We can teach, but we can’t always make people learn. Mentoring and coaching are a tricky business. We try our best to help others. But it doesn’t always stick. So here are five ways that you can mentor people and make the mentoring memorable.
Let people fail
Some folks advocate learning from the mistakes of others. But I think that’s overrated. You might learn from that, but it doesn’t have the impact of totally screwing something up yourself.
Learning from others’ mistakes doesn’t have the humbling effect that makes you never want to go through the experience again.
I’m not talking about setting people up to fail, or even letting them make a major mistake. But letting them make a mistake here or there and helping them learn and improve can make for memorable learning.
Force them outside of their comfort zone
People get into ruts and get comfortable. They get good at what they do, but it limits their growth.
Mentors and managers enable this behavior. They pigeonhole people based on their specialties.
A good mentor swaps people out to cross-train them on multiple skills. It makes the job more interesting. Workers also become better at their regular job when they have empathy for the roles they interact with.
Let them have input
When you have a decision to make, allow the people you mentor to participate. Diagram the situation on a whiteboard, whether it is a process flow or a bullet list of options.
This gives you some insight to their problem solving process. It will also give you a different perspective you may not have considered.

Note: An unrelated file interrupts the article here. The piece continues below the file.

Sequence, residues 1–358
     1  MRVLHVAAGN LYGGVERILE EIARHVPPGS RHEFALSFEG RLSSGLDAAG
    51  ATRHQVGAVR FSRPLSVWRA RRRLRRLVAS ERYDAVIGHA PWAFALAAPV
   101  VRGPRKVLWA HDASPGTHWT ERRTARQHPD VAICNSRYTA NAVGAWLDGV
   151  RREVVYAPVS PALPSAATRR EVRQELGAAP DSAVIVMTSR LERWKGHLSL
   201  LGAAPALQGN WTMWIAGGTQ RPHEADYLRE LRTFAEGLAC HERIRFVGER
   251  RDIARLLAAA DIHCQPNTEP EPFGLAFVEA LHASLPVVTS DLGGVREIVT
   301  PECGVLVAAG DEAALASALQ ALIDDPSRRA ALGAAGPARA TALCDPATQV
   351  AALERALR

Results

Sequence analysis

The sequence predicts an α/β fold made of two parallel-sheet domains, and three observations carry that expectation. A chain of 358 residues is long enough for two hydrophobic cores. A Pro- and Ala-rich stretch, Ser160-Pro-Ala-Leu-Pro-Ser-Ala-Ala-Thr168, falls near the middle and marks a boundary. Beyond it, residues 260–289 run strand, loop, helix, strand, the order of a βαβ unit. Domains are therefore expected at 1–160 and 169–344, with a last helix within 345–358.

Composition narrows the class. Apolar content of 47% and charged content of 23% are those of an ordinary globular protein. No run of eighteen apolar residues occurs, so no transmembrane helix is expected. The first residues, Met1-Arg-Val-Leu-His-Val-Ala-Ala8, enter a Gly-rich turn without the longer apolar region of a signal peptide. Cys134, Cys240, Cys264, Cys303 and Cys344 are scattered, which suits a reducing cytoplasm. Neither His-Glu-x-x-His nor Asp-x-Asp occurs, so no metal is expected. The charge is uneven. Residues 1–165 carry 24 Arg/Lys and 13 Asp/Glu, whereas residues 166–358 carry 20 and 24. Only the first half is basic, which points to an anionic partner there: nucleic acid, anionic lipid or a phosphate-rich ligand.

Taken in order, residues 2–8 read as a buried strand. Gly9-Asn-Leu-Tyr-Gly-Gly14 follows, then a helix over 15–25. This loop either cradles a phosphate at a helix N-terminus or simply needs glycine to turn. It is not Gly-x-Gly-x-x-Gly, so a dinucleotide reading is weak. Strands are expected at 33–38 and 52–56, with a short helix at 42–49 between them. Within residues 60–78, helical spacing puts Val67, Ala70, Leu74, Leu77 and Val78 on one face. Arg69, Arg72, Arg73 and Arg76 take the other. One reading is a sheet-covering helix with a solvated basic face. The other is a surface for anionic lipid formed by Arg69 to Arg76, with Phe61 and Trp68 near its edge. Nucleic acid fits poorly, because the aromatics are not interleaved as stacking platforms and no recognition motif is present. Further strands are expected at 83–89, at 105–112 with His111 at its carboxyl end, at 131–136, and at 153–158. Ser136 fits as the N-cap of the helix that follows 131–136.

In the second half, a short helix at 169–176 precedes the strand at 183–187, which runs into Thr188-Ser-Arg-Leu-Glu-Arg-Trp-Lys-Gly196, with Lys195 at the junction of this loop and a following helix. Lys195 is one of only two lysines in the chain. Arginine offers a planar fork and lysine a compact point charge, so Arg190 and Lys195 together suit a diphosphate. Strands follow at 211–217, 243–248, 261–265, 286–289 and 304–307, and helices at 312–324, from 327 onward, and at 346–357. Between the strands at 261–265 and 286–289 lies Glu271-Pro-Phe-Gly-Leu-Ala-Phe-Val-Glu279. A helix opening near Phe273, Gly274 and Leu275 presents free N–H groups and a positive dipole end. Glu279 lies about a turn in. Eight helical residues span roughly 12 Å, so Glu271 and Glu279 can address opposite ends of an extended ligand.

More than anything, it puts your mentee in leadership mode. It allows them to think as a problem solver rather than an order follower.
Tell them when you screw up
I know, I just explained above about the limited benefit of learning from the mistakes of others. There is still some benefit.
But the hidden benefit is for the mentee to learn that you never stop making mistakes. They learn that you never stop learning and that it is okay to make mistakes.
No one feels more important than the person who feels listened to. Listening is not just letting someone talk. Listening is the act of hearing and responding.
If they make a good point, tell them so. If you don’t understand something they say, ask for clarification. If you don’t see how something will work, ask them to explain how they think it will work.
Some people are afraid to disagree with someone they mentor for fear of shooting down an idea. But critical listening involves asking people to give more detail. If an idea won’t work, they will probably figure it out as they explain it.
It will probably help them come up with a better idea on their own.
What strategies to you use to make your mentoring memorable?
I welcome your questions and comments.
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